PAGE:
Mixed results for Pakistan's tribal offensive
Pakistani forces this week wrapped up their largest offensive ever in the semiautonomous tribal region of South Waziristan after 12 days of heavy fighting against Al Qaeda militants and their local supporters.
The Pakistani military says it killed 63 militants and captured 166 others, including 73 foreigners. But Pakistani forces paid a high price, losing 46 military and paramilitary troops. The bodies of two kidnapped officials were found Tuesday.
As the smoke clears, analysts are portraying the once highly touted operation in a mixed light. Pakistan has gained a tactical advantage against the fighters by routing them from lowland village havens into the rugged mountains near the Afghan border. But the fight failed to net high-value leaders and revealed flaws in Pakistan's US-aided intelligence network as well as deep and widespread local support for the foreign militants.
"The scale of the operation, media hype, and the use of force by Pakistan had raised hopes, but [the operation] fell well short of expectations," says Behrouz Khan, an analyst in Peshawar. "The arresting or killing of some Chechens and Uzbeks may carry significance for Pakistan but not for the Americans. They were hoping to get Arabs and top Al Qaeda leaders."
After meeting stiff resistance during the initial March 16 assault, Pakistani officials suggested that their forces had cornered Osama bin Laden's No. 2, Ayman al-Zawahiri. That was later revised to Uzbek terrorist Tahir Yuldash, who officials say escaped from the military cordon in a bullet-proof vehicle. Other militants may have slipped away using newly discovered tunnels. A military spokesman Tuesday also recanted earlier statements that Al Qaeda's intelligence chief was killed in the fighting.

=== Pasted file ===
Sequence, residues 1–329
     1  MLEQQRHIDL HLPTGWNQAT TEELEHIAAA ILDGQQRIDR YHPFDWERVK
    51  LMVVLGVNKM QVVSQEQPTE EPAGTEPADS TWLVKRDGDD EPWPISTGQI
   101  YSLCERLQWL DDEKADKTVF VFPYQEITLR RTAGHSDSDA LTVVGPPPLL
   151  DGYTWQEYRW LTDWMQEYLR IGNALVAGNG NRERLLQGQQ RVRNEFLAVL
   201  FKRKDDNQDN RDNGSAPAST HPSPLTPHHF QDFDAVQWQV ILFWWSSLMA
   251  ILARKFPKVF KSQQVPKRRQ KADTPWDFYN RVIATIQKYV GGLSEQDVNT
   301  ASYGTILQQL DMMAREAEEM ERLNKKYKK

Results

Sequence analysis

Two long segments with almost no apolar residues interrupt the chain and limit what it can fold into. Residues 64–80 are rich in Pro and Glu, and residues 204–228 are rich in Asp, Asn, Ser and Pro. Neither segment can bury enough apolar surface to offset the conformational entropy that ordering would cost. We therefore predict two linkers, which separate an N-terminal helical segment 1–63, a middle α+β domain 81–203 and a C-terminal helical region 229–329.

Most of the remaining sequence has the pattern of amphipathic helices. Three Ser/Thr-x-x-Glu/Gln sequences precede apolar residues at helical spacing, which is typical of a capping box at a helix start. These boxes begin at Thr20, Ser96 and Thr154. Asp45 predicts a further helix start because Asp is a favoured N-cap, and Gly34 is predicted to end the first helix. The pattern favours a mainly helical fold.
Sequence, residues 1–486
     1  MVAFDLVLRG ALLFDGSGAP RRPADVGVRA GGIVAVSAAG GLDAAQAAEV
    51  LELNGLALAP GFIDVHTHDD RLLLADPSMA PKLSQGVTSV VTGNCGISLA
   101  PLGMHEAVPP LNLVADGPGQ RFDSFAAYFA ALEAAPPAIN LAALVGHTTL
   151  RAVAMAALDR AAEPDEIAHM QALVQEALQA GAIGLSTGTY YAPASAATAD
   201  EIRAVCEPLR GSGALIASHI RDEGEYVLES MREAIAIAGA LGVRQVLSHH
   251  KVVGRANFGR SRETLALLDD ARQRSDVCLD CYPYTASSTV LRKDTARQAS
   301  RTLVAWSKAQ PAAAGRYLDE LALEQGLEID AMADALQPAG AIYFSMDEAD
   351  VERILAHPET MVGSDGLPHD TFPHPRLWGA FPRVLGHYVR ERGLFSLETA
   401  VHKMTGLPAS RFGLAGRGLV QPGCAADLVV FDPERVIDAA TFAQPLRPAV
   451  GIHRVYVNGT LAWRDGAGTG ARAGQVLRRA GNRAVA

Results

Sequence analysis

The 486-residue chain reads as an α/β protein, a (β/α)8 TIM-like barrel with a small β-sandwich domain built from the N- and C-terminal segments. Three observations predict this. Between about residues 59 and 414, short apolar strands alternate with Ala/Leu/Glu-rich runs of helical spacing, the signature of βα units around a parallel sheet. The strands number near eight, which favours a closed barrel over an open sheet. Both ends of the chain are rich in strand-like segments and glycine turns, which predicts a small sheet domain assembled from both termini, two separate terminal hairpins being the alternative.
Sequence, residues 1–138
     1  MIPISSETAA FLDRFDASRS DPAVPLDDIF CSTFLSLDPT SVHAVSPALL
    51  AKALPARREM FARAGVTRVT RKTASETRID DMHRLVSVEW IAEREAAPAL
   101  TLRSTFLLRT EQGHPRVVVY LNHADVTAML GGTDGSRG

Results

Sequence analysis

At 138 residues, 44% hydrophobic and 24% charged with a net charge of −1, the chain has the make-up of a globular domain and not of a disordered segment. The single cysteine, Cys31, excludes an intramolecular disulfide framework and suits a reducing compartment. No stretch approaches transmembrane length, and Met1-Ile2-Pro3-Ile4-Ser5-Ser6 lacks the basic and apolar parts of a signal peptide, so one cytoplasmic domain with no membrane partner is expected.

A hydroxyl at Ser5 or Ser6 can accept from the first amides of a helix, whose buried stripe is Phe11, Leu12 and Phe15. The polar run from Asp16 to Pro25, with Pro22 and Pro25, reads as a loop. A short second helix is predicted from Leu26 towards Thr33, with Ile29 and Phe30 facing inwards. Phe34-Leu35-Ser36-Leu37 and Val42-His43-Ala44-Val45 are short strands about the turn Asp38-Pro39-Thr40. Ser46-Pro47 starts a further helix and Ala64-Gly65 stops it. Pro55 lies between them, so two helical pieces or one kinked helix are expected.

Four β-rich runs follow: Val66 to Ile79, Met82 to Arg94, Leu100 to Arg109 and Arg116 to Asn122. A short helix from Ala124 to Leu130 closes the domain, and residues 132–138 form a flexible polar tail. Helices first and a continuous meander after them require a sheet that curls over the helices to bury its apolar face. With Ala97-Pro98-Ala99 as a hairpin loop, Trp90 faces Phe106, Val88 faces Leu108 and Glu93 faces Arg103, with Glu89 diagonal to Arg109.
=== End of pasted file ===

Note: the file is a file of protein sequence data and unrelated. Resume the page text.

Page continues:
While the operation failed to nab major Al Qaeda leaders, some analysts say it laid important groundwork for future operations. They note that Pakistan has now established a strong presence of 30,000 troops in once off-limits South Waziristan, clearing villages of foreign militants and cutting off their local supply lines.
"Not long ago they were moving freely in Waziristan. The leaders were delivering speeches; their local men were recruiting young, unemployed tribesmen in the name of jihad. Now that is no more, they are not safe anymore," says Latif Afridi, a former legislator from the tribal region.
Official sources say that Mr. Yaldash and his militants are now hiding in the Shawwal Mountains overlooking North Waziristan and Afghanistan's Paktika Province. Other foreign fighters are believed to be hiding in the Shikai and Khamrang ranges.
However, further Pakistani military operations must be weighed against a demonstrated ability by Al Qaeda to inspire counterstrikes across the region. Last week, guerrillas attacked military targets outside Waziristan. The operation also met with nationwide condemnation and demonstrations by major political parties.
"If Pakistan wants to root out extremism there, then it needs to promote a sense of belonging, develop infrastructure, and promote modern education to neutralize the clergy's role and influence," says Mohammad Riaz, an analyst in Peshawar.